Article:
A story of absence and presence

The story of Easter morning in Mark's Gospel is only eight verses. Women come to the tomb to find the stone is rolled away from the entrance. The body is gone; a white robed messenger says Jesus has been raised. The women flee the tomb in terror and say nothing to anyone. Compare that with John's Gospel where Jesus meets Mary Magdalene in the garden of the resurrection, then meets his disciples behind locked doors-- two different times-- and then a final time by the Sea of Galilee, stories told over two chapters.

The Gospel witness to the resurrection is mysterious. Each writer tells a somewhat different story. Each views the events through a different lens. What do we make out of these different stories? What do these first century testimonies tell us about what happened on Easter morning?

There is so much one could say about the meaning of the resurrection; so many questions about what "really happened." We spend the fifty days of Easter rejoicing in the message of resurrection, but we spend little time digging deep and trying to meet the risen Jesus. How did St. Paul understand these stories, writing even earlier than the Gospels accounts themselves?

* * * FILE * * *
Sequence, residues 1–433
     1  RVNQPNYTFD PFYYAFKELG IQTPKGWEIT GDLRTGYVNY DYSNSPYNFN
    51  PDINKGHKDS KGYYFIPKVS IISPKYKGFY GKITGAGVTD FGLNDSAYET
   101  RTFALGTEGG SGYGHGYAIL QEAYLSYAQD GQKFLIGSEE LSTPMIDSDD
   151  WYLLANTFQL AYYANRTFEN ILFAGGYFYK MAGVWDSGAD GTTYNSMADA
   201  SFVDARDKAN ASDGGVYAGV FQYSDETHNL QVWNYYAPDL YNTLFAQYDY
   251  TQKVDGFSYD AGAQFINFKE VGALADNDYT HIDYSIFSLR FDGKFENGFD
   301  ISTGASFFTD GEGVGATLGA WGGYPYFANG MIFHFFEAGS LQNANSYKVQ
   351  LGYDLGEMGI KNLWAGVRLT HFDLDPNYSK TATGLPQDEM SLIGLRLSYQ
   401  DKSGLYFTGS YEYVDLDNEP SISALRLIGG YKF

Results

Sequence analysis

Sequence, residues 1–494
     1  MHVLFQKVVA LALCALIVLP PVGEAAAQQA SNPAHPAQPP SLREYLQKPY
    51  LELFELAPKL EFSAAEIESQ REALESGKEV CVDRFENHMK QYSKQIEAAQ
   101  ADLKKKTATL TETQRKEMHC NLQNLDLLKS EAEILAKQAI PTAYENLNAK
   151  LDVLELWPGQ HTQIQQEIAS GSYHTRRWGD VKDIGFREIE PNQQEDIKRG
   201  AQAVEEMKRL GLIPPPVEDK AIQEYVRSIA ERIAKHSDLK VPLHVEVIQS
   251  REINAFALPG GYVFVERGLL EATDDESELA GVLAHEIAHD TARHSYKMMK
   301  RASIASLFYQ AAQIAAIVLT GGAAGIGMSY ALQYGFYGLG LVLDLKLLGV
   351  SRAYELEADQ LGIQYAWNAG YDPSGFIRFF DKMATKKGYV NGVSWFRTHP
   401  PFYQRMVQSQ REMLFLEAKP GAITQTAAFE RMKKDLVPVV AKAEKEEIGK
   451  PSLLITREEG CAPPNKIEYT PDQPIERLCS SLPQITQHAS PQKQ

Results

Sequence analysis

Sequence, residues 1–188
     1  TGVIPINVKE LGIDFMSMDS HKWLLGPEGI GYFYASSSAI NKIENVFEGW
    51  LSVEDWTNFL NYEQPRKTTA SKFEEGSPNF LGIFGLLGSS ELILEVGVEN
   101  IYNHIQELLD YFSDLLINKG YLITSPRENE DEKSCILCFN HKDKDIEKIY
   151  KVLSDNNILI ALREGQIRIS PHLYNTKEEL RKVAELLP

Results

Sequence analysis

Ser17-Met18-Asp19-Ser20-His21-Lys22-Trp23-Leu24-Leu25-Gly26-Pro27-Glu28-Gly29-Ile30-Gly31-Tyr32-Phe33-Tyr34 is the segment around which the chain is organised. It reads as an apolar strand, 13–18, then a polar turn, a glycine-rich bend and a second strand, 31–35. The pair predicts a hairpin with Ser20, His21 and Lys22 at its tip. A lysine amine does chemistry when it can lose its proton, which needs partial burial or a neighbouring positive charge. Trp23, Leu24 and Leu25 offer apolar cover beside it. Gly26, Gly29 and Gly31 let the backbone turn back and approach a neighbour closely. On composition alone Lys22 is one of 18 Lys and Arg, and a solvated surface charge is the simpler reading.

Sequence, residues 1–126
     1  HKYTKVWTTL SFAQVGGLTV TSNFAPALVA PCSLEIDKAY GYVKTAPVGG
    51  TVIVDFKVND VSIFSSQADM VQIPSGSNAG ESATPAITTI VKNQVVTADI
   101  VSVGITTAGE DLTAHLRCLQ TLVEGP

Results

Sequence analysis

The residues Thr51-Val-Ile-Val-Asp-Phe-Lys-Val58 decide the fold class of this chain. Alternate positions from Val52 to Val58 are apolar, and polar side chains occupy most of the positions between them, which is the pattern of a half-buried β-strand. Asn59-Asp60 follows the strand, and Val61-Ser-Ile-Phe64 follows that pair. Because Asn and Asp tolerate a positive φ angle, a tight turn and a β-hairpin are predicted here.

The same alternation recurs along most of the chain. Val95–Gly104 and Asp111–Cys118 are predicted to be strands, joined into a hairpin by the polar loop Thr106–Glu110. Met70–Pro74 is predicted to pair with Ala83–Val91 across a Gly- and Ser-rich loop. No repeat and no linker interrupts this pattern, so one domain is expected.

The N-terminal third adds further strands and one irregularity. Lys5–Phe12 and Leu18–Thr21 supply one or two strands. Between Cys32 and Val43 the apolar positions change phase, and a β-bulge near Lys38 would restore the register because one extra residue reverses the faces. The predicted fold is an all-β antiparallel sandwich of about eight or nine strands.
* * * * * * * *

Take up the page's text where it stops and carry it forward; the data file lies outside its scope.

Let's do that reflection together. Starting next Sunday, May 26, at 9:15 we have the opportunity to chew on these narratives and look at them closely and in the context of each Gospel. What does the resurrection mean for you? What does the story of the empty tomb mean? It is a story of absence-- Jesus is not there-- and also a story of presence. Where did he go? Where is he? We each are invited to testify to the reality of that experience for our own lives and to say to the world "The Lord is Risen Indeed. Alleluia!"

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